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04-28-21-move-protest-fist-person-mask-covid-19-ana-glassman
Credit: Ana Glassman

As faculty and graduate group members in the Department of Africana Studies, we feel it is incumbent upon us to speak to the tragic, sorrowful, and racist treatment of the remains of two children, Delisha Africa and Tree Africa, killed in the bombing of MOVE. Although this tragic event occurred on May 13, 1985, the presence of these remains within the Penn Museum only very recently became public knowledge. We recognize that other departments on campus are working to raise awareness about systemic racism and the legacies of slavery and racial discrimination, particularly when exploring Penn’s own history. Nonetheless, the Department of Africana Studies was founded to play a special role as academic witnesses to and chroniclers of the ferocity of racism.

From that vision, we must protest how this long-standing “secret” has been kept. Many within the community of the Penn Museum — undergraduate and graduate students, faculty, and lecturers — knew of the presence of the remains of these Black children, in a container smaller than a shoebox — within the museum’s walls. Indeed, their remains were even the subject of the 2019 Coursera course "Real Bones: Adventures in Forensic Anthropology," taught for Princeton University by Janet Monge. An opinion piece in last week’s Philadelphia Inquirer stated that within this course, Dr. Monge explored MOVE as a case study. The course was intended to “restore personhood” in forensic anthropology. No matter the motivation, no course can call the restoration of personhood to Black bodies an "adventure." Such a course fits far too well within the long history of scientific racism in academia in many parts of the world and its practitioners’ academic casual use of dead Black bodies (in this case, we would say murdered).

While we agree with many that the University must go further in its investigation and public response to this revelation, we hold that the Penn Museum’s Board of Advisors must also be held accountable for the neglect and grave disrespect of these Black children’s remains. There is nothing new about this kind of institutional treatment, at Penn or elsewhere. In 2020, Richard Kent Evans published a book called “MOVE: An American Religion,” in which he describes that for six months, bodies of MOVE members languished in the city’s morgue, decomposing, and that machine operators crushed bones and mangled skeletons. On Monday, the American Anthropological Association issued its own condemnation of the handling of Philadelphia Bombing Victims’ human remains. But we can go back further, to 1990, and the establishment of the Native American Graves Protection and Repatriation Act. The MOVE bombings had occurred only five years earlier. Yet, only now — and as a result of public ‘discovery’ — are the University of Pennsylvania and (hopefully) the Penn Museum’s Board of Advisors taking seriously their role in disgracing not only this Black child’s remains, but their family and their community as well. To the degree that this occurred in the name of “faculty expertise,” we also call upon the Penn Museum to report the use of these remains as a violation of Institutional Review Boards protocol.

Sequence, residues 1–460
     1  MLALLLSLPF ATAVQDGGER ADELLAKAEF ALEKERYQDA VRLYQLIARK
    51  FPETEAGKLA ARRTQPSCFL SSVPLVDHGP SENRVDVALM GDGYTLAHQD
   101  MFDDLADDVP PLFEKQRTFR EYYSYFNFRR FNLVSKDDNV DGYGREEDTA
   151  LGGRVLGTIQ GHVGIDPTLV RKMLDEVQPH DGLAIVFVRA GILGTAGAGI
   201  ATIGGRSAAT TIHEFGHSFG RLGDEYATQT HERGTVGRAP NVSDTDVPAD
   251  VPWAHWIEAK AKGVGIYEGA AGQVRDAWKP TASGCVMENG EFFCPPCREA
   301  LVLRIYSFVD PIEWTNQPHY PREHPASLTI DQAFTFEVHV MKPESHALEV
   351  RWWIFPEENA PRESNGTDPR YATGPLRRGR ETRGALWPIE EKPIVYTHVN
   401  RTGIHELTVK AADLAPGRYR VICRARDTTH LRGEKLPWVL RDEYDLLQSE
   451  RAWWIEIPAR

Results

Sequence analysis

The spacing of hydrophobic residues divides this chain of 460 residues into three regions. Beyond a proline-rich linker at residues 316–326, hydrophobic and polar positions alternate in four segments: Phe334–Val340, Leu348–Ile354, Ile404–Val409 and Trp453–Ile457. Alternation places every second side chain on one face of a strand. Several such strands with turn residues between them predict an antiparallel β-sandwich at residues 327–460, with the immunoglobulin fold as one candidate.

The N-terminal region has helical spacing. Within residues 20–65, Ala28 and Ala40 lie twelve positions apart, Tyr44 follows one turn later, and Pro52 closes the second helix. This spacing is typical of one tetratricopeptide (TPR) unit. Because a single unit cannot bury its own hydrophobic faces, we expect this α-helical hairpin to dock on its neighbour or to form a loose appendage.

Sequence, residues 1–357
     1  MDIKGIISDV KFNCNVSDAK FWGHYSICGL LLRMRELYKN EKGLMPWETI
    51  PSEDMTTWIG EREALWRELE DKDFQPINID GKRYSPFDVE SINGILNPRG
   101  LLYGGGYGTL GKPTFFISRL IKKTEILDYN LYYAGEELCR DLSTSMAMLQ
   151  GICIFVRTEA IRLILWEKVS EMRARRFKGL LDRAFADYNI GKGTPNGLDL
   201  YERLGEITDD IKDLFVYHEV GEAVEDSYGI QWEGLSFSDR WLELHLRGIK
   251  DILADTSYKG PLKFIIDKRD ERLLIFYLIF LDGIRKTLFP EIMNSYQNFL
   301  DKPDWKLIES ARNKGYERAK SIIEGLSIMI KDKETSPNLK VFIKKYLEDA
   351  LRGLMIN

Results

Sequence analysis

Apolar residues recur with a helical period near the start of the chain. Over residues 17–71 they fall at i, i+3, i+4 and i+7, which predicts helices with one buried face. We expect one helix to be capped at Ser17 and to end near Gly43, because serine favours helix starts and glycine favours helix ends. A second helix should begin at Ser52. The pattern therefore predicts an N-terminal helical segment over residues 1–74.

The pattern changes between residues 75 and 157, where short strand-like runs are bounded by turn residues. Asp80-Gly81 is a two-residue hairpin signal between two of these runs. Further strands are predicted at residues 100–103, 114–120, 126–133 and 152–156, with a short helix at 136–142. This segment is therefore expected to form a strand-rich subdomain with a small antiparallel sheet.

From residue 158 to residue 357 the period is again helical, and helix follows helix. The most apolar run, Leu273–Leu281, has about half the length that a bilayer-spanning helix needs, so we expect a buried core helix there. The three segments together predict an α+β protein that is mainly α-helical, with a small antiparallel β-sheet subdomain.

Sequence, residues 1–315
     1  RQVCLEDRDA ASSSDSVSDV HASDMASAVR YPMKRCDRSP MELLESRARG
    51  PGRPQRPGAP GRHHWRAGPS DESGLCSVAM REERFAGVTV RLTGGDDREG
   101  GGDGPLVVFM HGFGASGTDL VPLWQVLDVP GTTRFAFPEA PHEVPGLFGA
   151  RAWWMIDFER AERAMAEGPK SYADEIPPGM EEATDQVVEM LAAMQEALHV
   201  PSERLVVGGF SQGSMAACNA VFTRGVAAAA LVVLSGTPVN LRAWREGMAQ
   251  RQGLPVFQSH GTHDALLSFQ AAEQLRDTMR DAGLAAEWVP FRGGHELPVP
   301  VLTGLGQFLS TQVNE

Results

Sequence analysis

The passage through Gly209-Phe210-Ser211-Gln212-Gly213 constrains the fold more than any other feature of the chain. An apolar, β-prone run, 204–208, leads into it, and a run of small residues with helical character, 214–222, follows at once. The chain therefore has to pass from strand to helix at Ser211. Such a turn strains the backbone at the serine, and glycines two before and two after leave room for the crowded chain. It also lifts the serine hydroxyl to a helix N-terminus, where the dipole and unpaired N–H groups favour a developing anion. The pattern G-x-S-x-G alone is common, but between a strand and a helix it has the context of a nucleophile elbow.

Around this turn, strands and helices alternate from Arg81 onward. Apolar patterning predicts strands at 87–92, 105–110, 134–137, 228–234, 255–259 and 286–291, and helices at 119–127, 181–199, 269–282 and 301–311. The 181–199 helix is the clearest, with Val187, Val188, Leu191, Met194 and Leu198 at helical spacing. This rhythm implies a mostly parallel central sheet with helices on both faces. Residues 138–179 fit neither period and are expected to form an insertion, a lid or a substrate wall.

We must call out the reticence, hesitance, and obfuscation of the Penn Museum and the University of Pennsylvania in addressing this decades-long tragedy for the benefit of all students. As institutions that thrive because of our place within Philadelphia, we owe this to inhabitants of this city, particularly to those whose children, even when dead, were forcibly “lost.” At this time of deep turmoil and reckoning over structural racism in America, we expect the Penn Museum and the University of Pennsylvania to do more than simply appoint two members to investigate the use of these remains. A complete inventory and physical accounting of these and other remains and collections held by the Museum is long overdue.

The DEPARTMENT of AFRICANA STUDIES can be contacted by emailing africana@sas.upenn.edu or by visiting africana.sas.upenn.edu.

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